We placed the onus of the decision onto the owner, who reluctantly agreed to the plan and then the fire brigade went into action. I wasn’t at all confident, but we had to try something, otherwise the cat would probably fall anyway and injure itself. Two firemen disappeared into the flats and a few minutes later appeared on the roof. The other firemen spread a large tarpaulin at the base of the tree. The tree was some thirty feet from the roof and it took five attempts to get the grappling hook firmly lodged. Once this was done the rest of us, plus a few onlookers, grabbed hold of the tarpaulin and raised it from the ground in readiness.
The officer gave the order to start shaking the tree and we held our breath. I could hardly bear to look. Nothing really happened to begin with as the tree was quite large and it took a lot of strength to move it. An extra fireman was sent to the roof to help them and with the extra manpower on the rope managed to get the top of the tree to shake slightly which resulted in Jeremy slipping several feet down the trunk. There was a sharp intake of breath from all of us, but Jeremy held on for grim life So far, so good. The firemen then gave the top of the tree a much harder tug with far more enthusiasm, which caught Jeremy off guard with a disastrous result.
He completely lost his grip, but instead of falling straight down as our contingency plan had been put in place for he launched himself out and away from the tree into free fall. It was times like this that everything always appears to progress in slow motion. With his legs and claws fully extended and tail swirling, acting as a rudder, he plunged earthwards. Unfortunately he also caught all of us off guard. When he launched himself we were standing in the wrong place with the tarpaulin. In the panic we all made a valiant effort to get the tarpaulin beneath him, but only succeeded in tripping each other up landing in a heap on the grass. There was a sickening thud as Jeremy hit the earth some four feet away.
I scrambled up and pounced on him in case he was able to run off, but having fallen some sixty feet he was in no condition to go anywhere. He was lying there winded and disorientated and his lack of movement was making me feel sick. After a quick check I was overjoyed to see he was breathing and moving his head to look at me. Blood was trickling from his nostrils but miraculously he appeared to have no obvious broken bones. I knew there could be internal injuries, so I put him gently in a cushioned basket and said I would rush him to a veterinary hospital assuring everybody that I thought he would be fine and they were all relieved. It always amazed me how cats could survive such falls as I had seen it happen on many occasions. When cats fall they are similar to humans in free fall with their four legs out-stretched. They use their legs and tail to keep themselves upright, to help slow themselves down and, to a certain extent, actually guide themselves in a certain direction. By doing this they normally hit the ground on all fours, which helps lessen the impact.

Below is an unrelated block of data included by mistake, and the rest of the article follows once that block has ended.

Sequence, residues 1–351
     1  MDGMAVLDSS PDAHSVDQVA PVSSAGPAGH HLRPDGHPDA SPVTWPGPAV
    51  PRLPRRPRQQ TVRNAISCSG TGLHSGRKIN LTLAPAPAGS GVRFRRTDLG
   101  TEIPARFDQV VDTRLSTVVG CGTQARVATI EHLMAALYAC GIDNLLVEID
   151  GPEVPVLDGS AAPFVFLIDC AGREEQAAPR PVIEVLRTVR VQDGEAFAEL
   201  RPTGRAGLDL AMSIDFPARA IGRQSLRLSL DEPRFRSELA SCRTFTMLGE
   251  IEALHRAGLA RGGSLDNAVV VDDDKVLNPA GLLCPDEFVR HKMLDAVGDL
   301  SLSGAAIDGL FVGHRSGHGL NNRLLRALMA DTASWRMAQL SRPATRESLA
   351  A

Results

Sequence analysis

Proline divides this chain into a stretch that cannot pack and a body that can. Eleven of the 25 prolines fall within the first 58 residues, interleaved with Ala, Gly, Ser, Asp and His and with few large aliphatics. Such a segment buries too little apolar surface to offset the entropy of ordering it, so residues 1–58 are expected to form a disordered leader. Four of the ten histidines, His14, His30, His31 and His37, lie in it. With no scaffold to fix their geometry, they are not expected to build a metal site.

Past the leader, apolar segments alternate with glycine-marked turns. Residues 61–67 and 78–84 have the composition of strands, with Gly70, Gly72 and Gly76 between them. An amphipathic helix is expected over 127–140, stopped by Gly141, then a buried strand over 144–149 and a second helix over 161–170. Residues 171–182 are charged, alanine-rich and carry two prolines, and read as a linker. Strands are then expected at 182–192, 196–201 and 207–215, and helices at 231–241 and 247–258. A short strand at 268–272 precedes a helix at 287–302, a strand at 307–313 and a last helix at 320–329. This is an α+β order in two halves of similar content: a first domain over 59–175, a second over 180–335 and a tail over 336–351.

Following the vets examination it was found that no broken bones had been suffered, but he had split the roof of his mouth and had broken several teeth, a common injury when falling from a height due to the impact of his head hitting the ground. Jeremy was also severely shocked, but following treatment and two days’ rest he was fit to go home. The owner promised to keep him in for a week or so to recover.
I thought this would be the last time I met Jeremy, but a week or so later we had another report of a cat up a tree at the same location. Surely this could not be Jeremy again and in the same tree. I drove to the estate with a sinking feeling and as I walked round the corner of the apartment block, there was the tree and there was Jeremy the tabby cat almost in the same position. I could not believe it as he had obviously not learned from his first experience or had a very short memory. I advised the owner that it might proof fatal to try and rescue him in the same way as before, even if I could get the fire brigade to attend again, which I doubted. I advised leaving the cat for a while again while I looked into other alternatives, but meanwhile someone got in touch with the Press and they lapped up the story. Jeremy then became quite a celebrity all over the country with pictures of him stranded at the top of the tree. The press loved it even more when a window cleaner used to scaling heights, having seen an initial article in the newspaper, volunteered to climb the tree. The Press attended in large numbers to watch him climb the tree with the aid of a safety harness to rescue Jeremy for the second time and last time as to my knowledge he never ventured near the tree again.